FINAL VERDICT: RENT

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Movie Review: “Get on Up”

Starring
Chadwick Boseman, Nelsan Ellis, Viola Davis, Lennie James, Octavia Spencer, Dan Aykroyd, Craig Robinson
Director
Tate Taylor

Every movie trend has its fans. Monster movies, disaster movies, chick flicks, tearjerkers, conspiracy thrillers, they all have people who love them regardless of their financial viability at the box office. No one, however, misses the biopic, films based on the life of a famous person. In fact, after “Walk the Line” and “Ray,” people were so done with biopics that most people passed on arguably the best biopic of that era, even though it expertly lampooned the biopic structure and had a damned good soundtrack to boot (“Walk Hard: The Dewey Cox Story,” we still love ya, baby). To further prove this point, earlier this year, Clint Eastwood’s “Jersey Boys” sank like a stone, despite the fact that the musical of the same name sells out everywhere it goes, and last year’s Princess Diana film starring Naomi Watts fared even worse. No one misses the biopic.

Everyone misses James Brown, though, which is why “Get on Up: The James Brown Story” has something those other movies didn’t: instant swagger. It actually has a couple of things the others don’t, namely a non-linear timeline that would give Doctor Who pause, and it does the unthinkable by occasionally breaking the fourth wall, at times to hilarious effect. The story line is too slight, opting for depth of event coverage over depth of character, but thanks to a, um, showstopping performance by Chadwick Boseman, “Get on Up” is quite entertaining despite its flaws. It is also genius counterprogramming to this weekend’s box office juggernaut, “Guardians of the Galaxy.” Someone at Universal should get a bonus for that decision alone.

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Coming Soon: A Moviegoer’s Guide to August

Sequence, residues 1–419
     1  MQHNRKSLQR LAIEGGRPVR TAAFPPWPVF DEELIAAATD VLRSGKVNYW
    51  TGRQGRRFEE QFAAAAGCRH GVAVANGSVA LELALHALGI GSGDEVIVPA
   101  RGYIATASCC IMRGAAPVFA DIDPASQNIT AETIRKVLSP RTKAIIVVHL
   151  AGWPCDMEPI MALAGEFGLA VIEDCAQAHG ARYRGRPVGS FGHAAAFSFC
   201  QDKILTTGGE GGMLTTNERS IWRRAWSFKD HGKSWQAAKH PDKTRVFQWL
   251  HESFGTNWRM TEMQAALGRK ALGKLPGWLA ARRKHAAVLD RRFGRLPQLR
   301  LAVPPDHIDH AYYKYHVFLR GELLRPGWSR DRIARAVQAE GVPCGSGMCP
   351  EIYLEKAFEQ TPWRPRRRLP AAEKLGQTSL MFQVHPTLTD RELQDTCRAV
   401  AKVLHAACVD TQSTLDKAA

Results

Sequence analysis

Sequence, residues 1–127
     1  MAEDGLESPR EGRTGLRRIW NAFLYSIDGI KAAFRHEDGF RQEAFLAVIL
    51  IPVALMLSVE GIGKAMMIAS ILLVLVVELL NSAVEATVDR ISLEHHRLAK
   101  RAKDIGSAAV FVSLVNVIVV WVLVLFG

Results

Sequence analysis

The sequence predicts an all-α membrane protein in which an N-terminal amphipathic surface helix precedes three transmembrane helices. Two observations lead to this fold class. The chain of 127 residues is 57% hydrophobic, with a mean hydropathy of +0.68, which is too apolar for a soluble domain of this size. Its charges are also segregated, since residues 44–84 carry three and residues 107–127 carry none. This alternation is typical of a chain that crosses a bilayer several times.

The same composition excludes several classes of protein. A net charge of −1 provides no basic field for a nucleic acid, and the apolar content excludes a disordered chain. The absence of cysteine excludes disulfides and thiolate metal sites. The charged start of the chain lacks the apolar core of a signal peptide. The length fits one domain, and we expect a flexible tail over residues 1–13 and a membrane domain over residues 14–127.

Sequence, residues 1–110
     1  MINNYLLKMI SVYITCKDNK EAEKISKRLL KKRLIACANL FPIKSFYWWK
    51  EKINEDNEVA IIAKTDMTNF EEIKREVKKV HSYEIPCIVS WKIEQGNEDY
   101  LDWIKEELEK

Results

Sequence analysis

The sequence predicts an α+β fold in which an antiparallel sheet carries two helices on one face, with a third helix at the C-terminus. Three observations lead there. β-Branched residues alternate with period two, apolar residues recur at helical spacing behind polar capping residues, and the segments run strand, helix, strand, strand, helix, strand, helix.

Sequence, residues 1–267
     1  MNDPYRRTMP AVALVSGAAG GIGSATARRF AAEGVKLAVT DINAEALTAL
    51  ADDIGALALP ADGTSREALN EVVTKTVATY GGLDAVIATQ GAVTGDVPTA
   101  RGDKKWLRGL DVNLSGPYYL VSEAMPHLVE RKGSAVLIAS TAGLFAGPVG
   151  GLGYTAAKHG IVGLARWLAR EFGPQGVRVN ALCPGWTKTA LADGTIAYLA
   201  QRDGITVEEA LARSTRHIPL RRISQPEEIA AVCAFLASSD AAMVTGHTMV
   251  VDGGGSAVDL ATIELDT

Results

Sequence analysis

august

This has been one of the worst summer movie seasons in recent memory, and while it would take something really special to turn it all around, there are a few new releases this August that could at least make it a little less forgettable, including Marvel Studio’s most ambitious film to date, new installments of “The Expendables” and “Sin City,” and the return of the Teenage Mutant Ninja Turtles to the big screen.

“GUARDIANS OF THE GALAXY”

Who: Chris Pratt, Zoe Saldana, Dave Bautista, Bradley Cooper and Vin Diesel
What: When space adventurer Peter Quill steals an orb coveted by a treacherous villain, he must find a way to rally a quartet of ragtag rivals to save the universe.
When: August 1st
Why: A few months ago, most people had never even heard of “Guardians of the Galaxy,” but that’s quickly changed following the launch of the film’s marketing campaign, which suggests that director James Gunn (perhaps Marvel Studio’s biggest risk yet) has absolutely nailed the offbeat tone of the comic book. This has been on my must-see list ever since it was announced, and that excitement has only grown with each new reveal, from the casting of Chris Pratt in the lead role, to landing Vin Diesel and Bradley Cooper to voice the movie’s CGI characters, to the strong buzz emerging from early screenings that have pegged it as one of the studio’s best films to date. In other words: get ready to be pleasantly surprised.

“GET ON UP”

Who: Chadwick Boseman, David Andrew Nash, Nelsan Ellis and Viola Davis
What: A chronicle of James Brown’s rise from extreme poverty to become one of the most influential musicians in history.
When: August 1st
Why: The music biopic is one of the most formulaic subgenres. They’re essentially all the same – a rags to riches story where the subject overcomes some kind of personal demon, usually drug addiction) – and Taylor Tate’s “Get on Up” doesn’t appear to buck that trend. The fact that the script was written by Jez and John-Henry Butterworth (the sibling duo responsible for the excellent “Edge of Tomorrow”) instills some hope that it won’t be a complete waste of time, but James Brown’s life doesn’t really interest me, and the decision to cast Chadwick Boseman as the Godfather of Soul feels a little weird after playing another black icon so recently in “42.” What’s next for the actor? Movies about Martin Luther King, Jr. and Jesse Owens?

“TEENAGE MUTANT NINJA TURTLES”

Who: Megan Fox, Will Arnett, William Fichtner, Johnny Knoxville and Tony Shalhoub
What: Four mutant warriors fight to save their city from an evil kingpin.
When: August 8th
Why: There’s plenty of reason to be concerned about the new “Teenage Mutant Ninja Turtles” film – after all, we’ve seen what producer Michael Bay did to the “Transformers” franchise and director Jonathan Liebesman doesn’t have a very good track record – but the kid in me still can’t wait to see the Turtles back in action on the big screen, even if they don’t exactly look like the ones from my childhood. In fact, they look downright ugly with those oversized frog lips, leading me to wonder how that design ever made it out of the concept stage. The decision to cast a Caucasian actor as Shredder is also a bit worrying, as is Megan Fox’s involvement, but maybe, just maybe, it won’t be so bad.